September marks the PCOS Awareness Month worldwide. PCOS, or Polycystic Ovary Syndrome, is a metabolic, endocrine and reproductive disorder that affects a woman’s hormone levels. The hormonal imbalance interferes with the growth and release of eggs from the ovaries (ovulation), which can lead to missed or irregular periods, as well as other symptoms like weight gain, insulin resistance, excess facial and body hair growth, and hair loss. This condition affects 1 in every 10 women of reproductive age, yet at least 50 percent of women remain undiagnosed as the diagnostic criteria is very broad and debated amongst medical professionals even now, and the symptoms are often attributed to other conditions, or go unnoticed.
“Some widely held misconceptions about PCOS have been created because of a lack of understanding of the condition,” says Dr Anuradha Panda, senior obstetrician and gynaecologist, Apollo Hospitals, Jubilee Hills, Hyderabad. These myths impact diagnosis and treatment, and can even stand in the way of getting appropriate care.
Myth 1: You need to have cysts to be diagnosed with PCOS.
To meet the diagnostic criteria of PCOS, women need to have two of the following three criteria:
- irregular periods
- signs of increased levels of androgens (hormones that give “male” characteristics) such as excess hair growth, acne or hair loss
- enlarged ovaries with lots of small follicles containing immature eggs (known as polycystic ovaries).
“Having ovaries with cysts that turn up on ultrasounds does not equate to PCOS,” says Dr Anuradha Panda. “PCO, or polycystic ovaries, can be present in women without the associated metabolic symptoms (such as obesity, insulin resistance and hyperandrogenemia) that PCOS has.” On the flip side, not everyone who has PCOS might have cysts in their ovaries. “For a diagnosis, we look at a combination of a lot of other factors, such as irregular periods, acne, hair loss, unnatural hormonal levels, and BMI (body mass index),” says the doctor.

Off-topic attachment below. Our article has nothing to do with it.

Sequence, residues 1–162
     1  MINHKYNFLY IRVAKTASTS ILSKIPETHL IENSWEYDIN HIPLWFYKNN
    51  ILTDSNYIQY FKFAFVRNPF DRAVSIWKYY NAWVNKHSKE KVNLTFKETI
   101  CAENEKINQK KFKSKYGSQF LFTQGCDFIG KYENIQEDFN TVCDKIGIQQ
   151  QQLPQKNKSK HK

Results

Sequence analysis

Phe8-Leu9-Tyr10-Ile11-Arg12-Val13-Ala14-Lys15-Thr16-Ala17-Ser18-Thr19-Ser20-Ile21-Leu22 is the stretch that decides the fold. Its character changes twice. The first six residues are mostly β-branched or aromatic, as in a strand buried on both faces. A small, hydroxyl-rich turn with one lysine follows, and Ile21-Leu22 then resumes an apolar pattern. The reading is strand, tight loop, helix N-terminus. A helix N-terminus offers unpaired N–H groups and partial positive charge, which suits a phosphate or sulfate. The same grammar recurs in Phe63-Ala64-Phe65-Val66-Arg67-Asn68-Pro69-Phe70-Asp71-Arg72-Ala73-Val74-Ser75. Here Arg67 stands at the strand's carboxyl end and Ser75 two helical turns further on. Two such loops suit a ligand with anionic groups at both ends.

Myth 2: PCOS is only about fertility.
PCOS is a reproductive disorder only in part. Although it does affect reproductive functions, it has a range of other nonreproductive effects on metabolic and cardiovascular health that are not as talked about. “Recently, there has been a push to see PCOS as a metabolic syndrome, rather than reproductive,” says Dr Panda. “This is because it is a lifelong condition that has been directly linked to prediabetes, Type 2 diabetes, hypertension, hyperinsulinism, abnormal lipid levels and cardiovascular disease.” Apart from these, PCOS can also cause sleep apnoea, and mental health issues like depression and anxiety. Diagnosis and proper treatment of PCOS is thus needed not just to deal with fertility issues, but also to prevent a wide variety of other chronic conditions.
Myth 3: You can’t get pregnant if you have PCOS.
Since this condition affects the ovary’s ability to release an egg to be potentially fertilised for pregnancy, many women have the fear of never being able to bear a child if they are diagnosed with PCOS. While PCOS is one of the leading causes of infertility in women, it is far from the doomsday scenario that many assume. “Women with PCOS can definitely get pregnant, and naturally too,” assures Dr Panda. “If there are difficulties, one can work with their ob-gyn or a fertility specialist to get them on the right path.”
Myth 4: Weight loss is the only cure for PCOS.
The relationship between PCOS and weight is complicated. Research shows that weight gain and obesity makes metabolic and reproductive issues under PCOS worse. “Losing weight can lead to the improvement of certain symptoms,” says Dr Panda. “While losing upto 7 to 10 percent of body weight is recommended to obese people, it is not true that weight loss is a permanent cure.” This is particularly important to keep in mind as those with PCOS often experience difficulty losing weight, and report a greater susceptibility for weight gain. It is also possible to have PCOS with a normal BMI, in which case losing weight would be detrimental. An overall healthy diet and lifestyle that caters to your body’s needs will lead to better living with PCOS.
Myth 5: You need the birth control pill as a form of treatment.
Hormonal birth control is a common treatment suggested by doctors to deal with irregular periods. Birth control pills may also help reduce excessive hair growth and acne. But the pill does nothing to cure, prevent, or fix PCOS. Studies show that 70 percent of women with PCOS have insulin resistance as the underlying cause of their hormonal imbalance, and birth control pills do not address such underlying causes. As PCOS varies from person to person in terms of severity and causes, it is important to get to the root of the problem by consulting a doctor rather than just try to deal with the symptoms.